Thursday, November 1, 2007

Merrill Lynch files trademark infringement lawsuit to stop anonymous Merrill Lynch imposter from sending racist e-mails

On Tuesday, October 30, 2007, Merrill Lynch & Co., Inc. (“Merrill Lynch”) filed a trademark infringement lawsuit in the U.S. District Court for the Southern District of New York against “John Doe” – the unknown sender of e-mails containing some explicit racially denigrating remarks directed to be offensive towards African-Americans (e.g., using the “N-word” and the Don Imus-inspired "Nappy Headed Hoes”). See Merrill Lynch & Co., Inc. v. Doe, Case No. 1:07-cv-09649 (S.D.N.Y.). The e-mails went out to several African-American investment brokers within Merrill Lynch as well as the Reverend Al Sharpton back in September. Links to various news articles on the lawsuit can be found here, here, here, and here.

According to Merrill Lynch’s complaint, the defendant sent the e-mail using a Hotmail e-mail address but signed using the name of an actual Merrill Lynch regional administrative manager. The e-mail, made to appear as thought it had been sent from this Merrill Lynch manager, included a reference to the MERRILL LYNCH trademark. Given Merrill Lynch’s efforts to “foster an inclusive workplace environment that promotes mutual respect, acceptance, cooperation, and productivity among people from varying backgrounds, . . . defendant's fraudulent emails have not only cast the Merrill Lynch employee whose name has been used for these racially explicit emails in a negative light, they tarnish the reputation and good will associated with the Merrill Lynch name and mark.”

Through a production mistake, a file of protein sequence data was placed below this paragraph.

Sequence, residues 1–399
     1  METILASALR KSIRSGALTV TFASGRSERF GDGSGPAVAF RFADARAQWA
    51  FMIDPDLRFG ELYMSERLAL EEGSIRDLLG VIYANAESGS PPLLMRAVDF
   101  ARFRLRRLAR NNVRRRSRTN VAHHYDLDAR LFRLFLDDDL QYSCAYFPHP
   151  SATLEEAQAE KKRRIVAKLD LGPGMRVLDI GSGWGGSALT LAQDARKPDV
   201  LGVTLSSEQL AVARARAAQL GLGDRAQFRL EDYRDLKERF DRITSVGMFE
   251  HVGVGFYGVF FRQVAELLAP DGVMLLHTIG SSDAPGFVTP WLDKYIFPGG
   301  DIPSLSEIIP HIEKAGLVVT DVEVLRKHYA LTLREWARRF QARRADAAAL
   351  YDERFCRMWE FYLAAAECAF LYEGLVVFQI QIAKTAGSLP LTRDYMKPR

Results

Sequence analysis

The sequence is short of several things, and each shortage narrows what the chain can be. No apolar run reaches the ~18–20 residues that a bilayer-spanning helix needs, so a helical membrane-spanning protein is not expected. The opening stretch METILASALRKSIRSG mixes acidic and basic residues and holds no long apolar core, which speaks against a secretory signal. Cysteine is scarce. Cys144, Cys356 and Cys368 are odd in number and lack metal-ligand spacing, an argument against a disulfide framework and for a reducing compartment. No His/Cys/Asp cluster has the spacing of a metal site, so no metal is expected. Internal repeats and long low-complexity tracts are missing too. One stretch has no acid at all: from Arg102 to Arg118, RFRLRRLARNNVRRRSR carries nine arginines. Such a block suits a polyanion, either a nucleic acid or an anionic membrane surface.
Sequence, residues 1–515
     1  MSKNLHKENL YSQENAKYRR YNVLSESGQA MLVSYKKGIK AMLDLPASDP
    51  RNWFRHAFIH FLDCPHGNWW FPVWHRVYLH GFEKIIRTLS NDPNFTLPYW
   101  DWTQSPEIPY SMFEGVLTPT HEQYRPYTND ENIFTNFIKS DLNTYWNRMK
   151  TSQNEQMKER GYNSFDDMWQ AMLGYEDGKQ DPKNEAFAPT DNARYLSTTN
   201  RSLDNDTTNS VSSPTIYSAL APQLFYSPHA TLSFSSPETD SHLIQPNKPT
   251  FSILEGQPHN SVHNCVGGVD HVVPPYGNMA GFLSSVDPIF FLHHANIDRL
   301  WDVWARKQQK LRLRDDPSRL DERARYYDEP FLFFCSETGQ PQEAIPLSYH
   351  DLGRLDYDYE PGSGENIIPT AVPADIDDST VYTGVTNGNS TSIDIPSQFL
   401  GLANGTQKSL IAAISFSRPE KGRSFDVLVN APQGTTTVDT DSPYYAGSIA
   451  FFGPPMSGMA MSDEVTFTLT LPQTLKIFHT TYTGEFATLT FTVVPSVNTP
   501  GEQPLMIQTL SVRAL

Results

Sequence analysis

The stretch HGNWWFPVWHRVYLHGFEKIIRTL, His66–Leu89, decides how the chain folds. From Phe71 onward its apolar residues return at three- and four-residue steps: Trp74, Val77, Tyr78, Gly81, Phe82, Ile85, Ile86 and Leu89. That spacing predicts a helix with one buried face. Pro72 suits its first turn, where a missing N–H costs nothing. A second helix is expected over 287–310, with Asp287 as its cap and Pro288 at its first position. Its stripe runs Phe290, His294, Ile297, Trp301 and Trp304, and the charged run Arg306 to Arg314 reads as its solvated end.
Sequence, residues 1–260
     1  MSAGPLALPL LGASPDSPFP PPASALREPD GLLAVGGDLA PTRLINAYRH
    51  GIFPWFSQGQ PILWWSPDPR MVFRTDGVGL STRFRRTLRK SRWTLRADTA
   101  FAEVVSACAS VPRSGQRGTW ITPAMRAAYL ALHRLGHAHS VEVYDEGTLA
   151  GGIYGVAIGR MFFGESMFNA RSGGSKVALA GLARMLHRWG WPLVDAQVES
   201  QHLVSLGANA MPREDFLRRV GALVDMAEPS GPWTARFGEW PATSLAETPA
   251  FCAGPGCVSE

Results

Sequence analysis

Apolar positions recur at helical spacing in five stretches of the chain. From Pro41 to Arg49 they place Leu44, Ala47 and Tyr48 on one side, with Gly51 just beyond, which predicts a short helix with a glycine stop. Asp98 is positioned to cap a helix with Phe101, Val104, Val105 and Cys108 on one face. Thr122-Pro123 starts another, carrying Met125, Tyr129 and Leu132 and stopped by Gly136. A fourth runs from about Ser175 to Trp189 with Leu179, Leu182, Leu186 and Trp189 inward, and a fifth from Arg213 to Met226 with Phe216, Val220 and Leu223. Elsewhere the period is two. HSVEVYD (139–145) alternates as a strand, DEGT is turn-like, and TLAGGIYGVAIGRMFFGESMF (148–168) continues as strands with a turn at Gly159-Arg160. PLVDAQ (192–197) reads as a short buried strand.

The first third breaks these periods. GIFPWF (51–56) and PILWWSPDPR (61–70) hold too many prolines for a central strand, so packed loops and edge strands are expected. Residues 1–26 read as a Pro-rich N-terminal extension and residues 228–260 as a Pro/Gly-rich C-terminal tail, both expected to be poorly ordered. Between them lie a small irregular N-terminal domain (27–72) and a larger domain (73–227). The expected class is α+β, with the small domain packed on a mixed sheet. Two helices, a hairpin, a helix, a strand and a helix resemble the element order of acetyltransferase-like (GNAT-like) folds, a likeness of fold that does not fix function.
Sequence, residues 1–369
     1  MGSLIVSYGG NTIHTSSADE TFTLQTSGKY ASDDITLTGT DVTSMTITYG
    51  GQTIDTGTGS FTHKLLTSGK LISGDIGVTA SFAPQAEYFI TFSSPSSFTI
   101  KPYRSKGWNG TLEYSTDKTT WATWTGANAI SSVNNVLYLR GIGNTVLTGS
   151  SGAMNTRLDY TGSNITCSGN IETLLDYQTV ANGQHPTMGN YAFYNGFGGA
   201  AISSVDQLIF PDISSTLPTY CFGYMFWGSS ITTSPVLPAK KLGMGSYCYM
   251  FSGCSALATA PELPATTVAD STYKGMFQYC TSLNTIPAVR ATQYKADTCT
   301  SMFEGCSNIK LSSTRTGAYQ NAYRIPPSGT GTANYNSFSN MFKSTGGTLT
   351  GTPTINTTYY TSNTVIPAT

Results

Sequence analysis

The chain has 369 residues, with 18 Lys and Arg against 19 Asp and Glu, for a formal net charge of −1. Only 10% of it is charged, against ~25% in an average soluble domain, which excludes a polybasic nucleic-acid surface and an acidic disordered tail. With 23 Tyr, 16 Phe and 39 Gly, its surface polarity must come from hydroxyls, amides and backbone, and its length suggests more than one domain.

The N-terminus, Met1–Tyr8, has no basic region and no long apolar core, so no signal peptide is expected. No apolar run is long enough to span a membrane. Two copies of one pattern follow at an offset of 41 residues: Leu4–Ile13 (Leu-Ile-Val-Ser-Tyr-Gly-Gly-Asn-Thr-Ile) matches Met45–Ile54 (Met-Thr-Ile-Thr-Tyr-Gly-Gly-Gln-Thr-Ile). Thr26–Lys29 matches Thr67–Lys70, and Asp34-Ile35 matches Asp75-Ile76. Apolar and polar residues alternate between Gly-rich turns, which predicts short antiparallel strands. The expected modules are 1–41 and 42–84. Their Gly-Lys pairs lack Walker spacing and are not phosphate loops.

Merrill Lynch plans to subpoena the defendant’s Internet service provider as well as Microsoft (which owns Hotmail) in an effort to discover the identity of John Doe, which Merrill Lynch suspects lives in the Midwest.

In addition to seeking unspecified damages, Merrill Lynch is asking for injunctive relief to stop the further dissemination of such emails to its employees as well as any further false designation of origin of such e-mails to Merrill Lynch or its employees.

Sharpton was quoted as hailing the Merrill Lynch as “necessary and timely” given the sharp increase in threats and hate mail/emails this year directed towards himself and his National Action Network. Sharpton hopes that the lawsuit will encourage law enforcement to stop this kind of unchecked and illegal behavior.

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